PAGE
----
As part of the overhaul of Ontario’s labour and employment legislation, effective January 1, 2018, employees are now entitled to a new job-protected leave of absence – sexual or domestic violence leave. This statutory leave of absence is part of the government’s effort to end gender-based violence as it requiresRead More →
Ontario Human Rights Tribunal Rules That It Is Discriminatory To Deny Group Benefits To Employees Aged 65 and Older
We have reported before on the case of Wayne Talos and the Grand Erie District School Board. Mr. Talos was a teacher who chose to continue working past the age of 65, but was denied further benefit coverage due to his age.
Following a lengthy hearing, the Human Rights Tribunal ruledRead More →
Start: February 14, 2018, 12:00 PM EST
End: February 14, 2018, 1:00 PM EST
This session is only available via webinar
2018 has arrived with a roar as workplaces across Canada grapple with significant changes to the country’s workplace laws.
Join us for a complimentary 1 hour webinar where we’ll highlight the changes you need toRead More →
The Ontario government has just passed the Bill 148 which amends the Employment Standards Act and the Labour Relations Act with a target effective date of January 1, 2018. The Bill still needs to receive Royal Assent.
Key changes to the Employment Standards Act will include:
- Raising the general minimum wage to Read More →
On June 19, 2017, the Governor General signed Bill C-16 into law, amending the Canadian Human Rights Act and the Criminal Code. Here’s what you need to know about the changes:
Canadian Human Rights Act
The Canadian Human Rights Act applies to federally-regulated employers and service providers, such as banks, airlines, andRead More →
In a July 2016 decision, Providence Health Care v. Dunkley, 2016 BCSC 1383, the British Columbia Supreme Court held that Providence Health Care (PHC) and the University of British Columbia (UBC) failed to establish that the costs of providing interpreter services for a deaf medical resident constituted undue hardship.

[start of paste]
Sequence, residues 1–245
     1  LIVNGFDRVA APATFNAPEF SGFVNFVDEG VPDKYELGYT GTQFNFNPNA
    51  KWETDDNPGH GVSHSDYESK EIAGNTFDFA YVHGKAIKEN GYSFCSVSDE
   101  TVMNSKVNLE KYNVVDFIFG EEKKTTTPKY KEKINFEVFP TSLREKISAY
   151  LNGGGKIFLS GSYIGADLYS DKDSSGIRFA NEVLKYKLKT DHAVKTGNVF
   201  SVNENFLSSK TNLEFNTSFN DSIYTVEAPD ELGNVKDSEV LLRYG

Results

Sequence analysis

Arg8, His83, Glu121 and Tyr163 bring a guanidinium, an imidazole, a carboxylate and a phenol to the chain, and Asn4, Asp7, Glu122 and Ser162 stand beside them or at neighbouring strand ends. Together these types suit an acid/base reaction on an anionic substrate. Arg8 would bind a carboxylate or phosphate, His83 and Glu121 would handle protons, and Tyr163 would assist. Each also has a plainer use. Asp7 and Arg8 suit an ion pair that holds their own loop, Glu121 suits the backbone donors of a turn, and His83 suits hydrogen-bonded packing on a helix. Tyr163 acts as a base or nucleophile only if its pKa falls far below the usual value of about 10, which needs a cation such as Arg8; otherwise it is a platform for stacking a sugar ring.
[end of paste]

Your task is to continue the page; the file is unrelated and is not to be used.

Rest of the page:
The decisionRead More →
General damages awarded by human rights tribunals are intended to compensate for discrimination and to act as a deterrent.
The Alberta Human Rights Act provides no statutory limit on how much general damages can be awarded. However, in the past general damages awarded by the Human Rights Tribunal of Alberta (theRead More →
Both the British Columbia and the Federal Government have recently introduced legislation to amend their respective human rights legislation to include gender identity and gender expression among the protected grounds of discrimination. These amendments will mean that individuals will have a right under the respective legislation to make a complaintRead More →
Technological developments and the need for employers to monitor employees’ activities and to minimize accidents and hazards require constant adjustments in order to respect the right to privacy. While it may be tempting for employers to replace old surveillance methods with new technologies capable of watching their personnel’s every move,Read More →
The Final Word? The Ontario Court of Appeal upholds an astounding 10 years of back pay and employee reinstatement
Readers of this blog may recall reading in 2014 about the Ontario Divisional Court upholding the Ontario Human Rights Tribunal’s order for 10 years of back pay and employee reinstatement. The decision was reached in the case of Hamilton-Wentworth District School Board v. Fair and can be read about inRead More →